Tuesday, June 7, 2011
Our central bank is on a mission. It believes Australia is springing into a new boom that threatens to lift inflation. Its job is to stop inflation getting out of hand, and its one real weapon is interest rates.
And the boom it foresees is not ''five minutes of sunlight'', as John Howard memorably called the post-recession growth bounce in 1994 (of which, more later). The bank believes we have entered a new era in which global supply of minerals will be unable to meet the booming growth in demand, driven by China and India. And that will entrench high minerals prices for years, and possibly decades.
How does that change life for you and me? Well, high minerals prices over time will mean we also get full employment, and more: a high Australian dollar over a long period, making many producers uncompetitive, and the perennial risk of high inflation - which the Reserve will shield us from by high interest rates.
And if you're in debt (as most households are), that could make life uncomfortable. If the minerals boom unfolds on the scale its advocates envisage, life could become very uncomfortable.
Essentially, the Reserve and Treasury believe the other 90 per cent of the economy will have to shrink - in relative terms, and in some parts, in absolute terms - to free up the resources for the minerals sector to fulfil its destiny to dig up Australia's rocks and sell them to the world.
We are not talking about small tweaks here. The Reserve's most uncritical fans among market economists predict that in the next 15 months, it will deliver at least four interest rate rises, and possibly five. If they are right, that would wreak big changes in the Australian economy.
Many companies would shut down, especially in trade-exposed areas such as manufacturing, tourism and higher education. Many workers would lose their jobs. That would not be accidental ''collateral damage''. It is how the policy works.
The Reserve and Treasury believe (in my view, wrongly) that we are close to full employment. The mining companies say they plan to double their investment in 2011-12 from current levels. Even if that is exaggerated, the Reserve sees its role as ensuring that the companies do not bid up wages so high they create a wages breakout that would spread across the nation, and create the inflation it is there to stop.
To be blunt, it sees its role as to create unemployment - or at least, slow employment - in the rest of the economy, so that more of our scarce skilled workers go to build and operate the mines, where their work will bring the greatest return.
As Treasury secretary Martin Parkinson argued last month in a speech in Sydney, this is structural change. The factories and tourist ventures they close will not come back. In their view, the long boom in mineral prices means Australia will not need them. Others are less sure.
These rate rises would have damaging consequences for many, in a wide range of areas. Melbourne, and south-eastern Australia, would take the brunt of the damage, if firms here are shut down by high interest rates and an ever-higher dollar. Ross Garnaut is right: if the Reserve follows this course, then the carbon tax is a minor issue. Firms will be shut down anyway.
We need to talk about this - and before the Reserve jumps the gun by lifting interest rates for the eighth time in less than two years. Is there a better way to handle the problem? If so, what?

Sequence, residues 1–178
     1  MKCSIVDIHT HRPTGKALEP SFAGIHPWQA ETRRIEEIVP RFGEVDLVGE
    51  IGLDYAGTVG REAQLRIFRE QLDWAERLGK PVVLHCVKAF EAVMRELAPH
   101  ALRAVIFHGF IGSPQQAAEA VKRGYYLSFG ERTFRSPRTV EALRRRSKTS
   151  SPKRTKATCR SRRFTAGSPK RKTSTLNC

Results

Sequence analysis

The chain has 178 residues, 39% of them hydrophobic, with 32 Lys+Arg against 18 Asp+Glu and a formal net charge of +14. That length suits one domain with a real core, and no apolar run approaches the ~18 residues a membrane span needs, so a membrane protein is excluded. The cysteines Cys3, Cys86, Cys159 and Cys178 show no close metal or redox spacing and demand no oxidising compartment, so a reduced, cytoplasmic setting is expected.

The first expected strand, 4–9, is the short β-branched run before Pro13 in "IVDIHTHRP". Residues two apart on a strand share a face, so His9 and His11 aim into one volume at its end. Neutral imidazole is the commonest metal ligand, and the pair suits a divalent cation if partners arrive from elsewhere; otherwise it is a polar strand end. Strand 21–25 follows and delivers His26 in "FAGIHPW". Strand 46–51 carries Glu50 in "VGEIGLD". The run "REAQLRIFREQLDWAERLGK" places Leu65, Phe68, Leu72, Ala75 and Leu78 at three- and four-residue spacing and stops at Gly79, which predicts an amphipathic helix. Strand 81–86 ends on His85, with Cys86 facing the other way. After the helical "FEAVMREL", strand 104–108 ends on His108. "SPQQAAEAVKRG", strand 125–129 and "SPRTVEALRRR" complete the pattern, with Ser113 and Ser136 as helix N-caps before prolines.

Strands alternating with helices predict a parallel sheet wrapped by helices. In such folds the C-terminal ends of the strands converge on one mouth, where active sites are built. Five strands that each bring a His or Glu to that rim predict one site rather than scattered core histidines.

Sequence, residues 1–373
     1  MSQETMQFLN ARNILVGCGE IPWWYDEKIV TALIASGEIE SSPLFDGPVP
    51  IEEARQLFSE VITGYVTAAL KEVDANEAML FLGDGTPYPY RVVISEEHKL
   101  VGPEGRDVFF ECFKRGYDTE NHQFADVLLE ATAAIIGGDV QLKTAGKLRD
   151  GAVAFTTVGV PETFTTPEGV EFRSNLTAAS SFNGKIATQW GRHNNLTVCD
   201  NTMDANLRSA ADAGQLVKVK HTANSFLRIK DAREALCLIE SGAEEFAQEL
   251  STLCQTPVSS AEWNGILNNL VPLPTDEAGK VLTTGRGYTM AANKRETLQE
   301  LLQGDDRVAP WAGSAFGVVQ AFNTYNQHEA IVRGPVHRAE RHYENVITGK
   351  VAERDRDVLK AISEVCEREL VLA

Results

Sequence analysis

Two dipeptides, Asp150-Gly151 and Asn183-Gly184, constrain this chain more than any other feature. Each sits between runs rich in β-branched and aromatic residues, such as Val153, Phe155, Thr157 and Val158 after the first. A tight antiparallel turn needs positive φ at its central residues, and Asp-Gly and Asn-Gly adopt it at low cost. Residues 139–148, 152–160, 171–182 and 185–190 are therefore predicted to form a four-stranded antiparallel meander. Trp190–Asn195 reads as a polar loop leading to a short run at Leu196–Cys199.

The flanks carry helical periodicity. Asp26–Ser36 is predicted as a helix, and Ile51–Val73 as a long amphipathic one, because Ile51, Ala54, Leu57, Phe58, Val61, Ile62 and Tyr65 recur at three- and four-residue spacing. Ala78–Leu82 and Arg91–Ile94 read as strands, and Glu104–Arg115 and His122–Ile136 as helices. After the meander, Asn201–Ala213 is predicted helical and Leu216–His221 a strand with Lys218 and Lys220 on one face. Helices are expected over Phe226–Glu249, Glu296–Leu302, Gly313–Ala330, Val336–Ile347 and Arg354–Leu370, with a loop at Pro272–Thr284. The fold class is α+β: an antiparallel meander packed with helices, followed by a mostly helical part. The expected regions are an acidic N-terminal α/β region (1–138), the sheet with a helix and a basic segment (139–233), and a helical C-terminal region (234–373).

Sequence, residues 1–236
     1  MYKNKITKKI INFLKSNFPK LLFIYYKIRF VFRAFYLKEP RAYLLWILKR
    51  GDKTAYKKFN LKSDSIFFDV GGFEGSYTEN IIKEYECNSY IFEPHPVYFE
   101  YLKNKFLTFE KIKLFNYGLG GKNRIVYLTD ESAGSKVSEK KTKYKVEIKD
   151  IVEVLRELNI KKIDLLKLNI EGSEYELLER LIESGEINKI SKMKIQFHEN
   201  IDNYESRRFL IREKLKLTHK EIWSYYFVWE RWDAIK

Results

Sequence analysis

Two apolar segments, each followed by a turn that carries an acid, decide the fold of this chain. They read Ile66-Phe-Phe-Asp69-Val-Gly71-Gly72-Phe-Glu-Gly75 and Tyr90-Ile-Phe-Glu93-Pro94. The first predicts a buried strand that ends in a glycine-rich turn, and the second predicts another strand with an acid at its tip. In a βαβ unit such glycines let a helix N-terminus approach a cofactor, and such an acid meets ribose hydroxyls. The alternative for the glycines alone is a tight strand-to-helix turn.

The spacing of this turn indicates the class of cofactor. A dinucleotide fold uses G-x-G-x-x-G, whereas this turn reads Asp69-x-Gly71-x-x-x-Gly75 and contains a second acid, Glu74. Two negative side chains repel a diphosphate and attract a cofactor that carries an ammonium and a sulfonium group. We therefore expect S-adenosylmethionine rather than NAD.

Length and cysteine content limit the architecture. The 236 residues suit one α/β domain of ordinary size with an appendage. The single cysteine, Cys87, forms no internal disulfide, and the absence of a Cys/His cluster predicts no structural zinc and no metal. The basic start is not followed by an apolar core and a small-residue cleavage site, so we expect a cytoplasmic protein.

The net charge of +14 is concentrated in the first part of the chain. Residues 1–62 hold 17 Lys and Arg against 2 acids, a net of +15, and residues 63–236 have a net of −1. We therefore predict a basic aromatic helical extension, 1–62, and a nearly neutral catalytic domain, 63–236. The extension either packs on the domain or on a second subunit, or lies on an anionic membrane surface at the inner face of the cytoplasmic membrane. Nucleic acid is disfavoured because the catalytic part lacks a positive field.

The first step for the Reserve is to guard against hubris. It is not enough to convince itself that it knows what lies ahead. It was right in 2009 when it said the recession would be short and shallow. But forecasting the future is fraught with danger and, recently, the Reserve has got more calls wrong than right.
A year ago, its forecasts significantly overestimated both non-farm growth in 2010 (by a full percentage point) and underlying inflation (by half a percentage point). I don't blame the Reserve for not foreseeing things that few if any saw coming, but look back at its forecasts at this time in 2009, or 2008, or 2007, and you can see its crystal ball is all too fallible. It needs to tread warily. In 1994, it ended that ''five minutes of sunshine'' with three big interest rate rises. Some of us warned this was overkill, and we were right. Unemployment stopped falling, and remained stuck around 8.5 per cent until late 1997, after the Reserve had relented. Let's not repeat that mistake.
As Oliver Cromwell put it: ''I beseech you, in the bowels of Christ, think it possible you may be mistaken.''
There are alternatives. If our choice is between giving mining companies a free hand to import the skilled labour they need, or shutting down growth in the rest of the economy in the hope that some of the displaced workers will migrate to the Pilbara, the first is obviously a better solution. With the Immigration Department predicting net overseas migration to be just 170,000 to 180,000 a year from now to 2014, there is room for more.
We seem to have lost the best option: a comprehensive, well-designed tax on mining profits that would keep the mining boom in check. A golden opportunity to do that was blown away: first, by the Henry review, which proposed an excessive, impractical tax that required taxpayers to pay for mining companies' losses - and then by the Gillard government, which backed down so far that it stripped the tax of any bite or universal coverage.
But the Reserve should try a strategy that parents use (within limits): let nature take its course. If mining companies and contractors get into a bidding war over wages, fewer mines will be built. The risk of a wages breakout in the Pilbara triggering breakouts in Melbourne or Sydney is remote. Let them solve their own problems. Don't shut down the rest of the economy to try to solve their problems for them.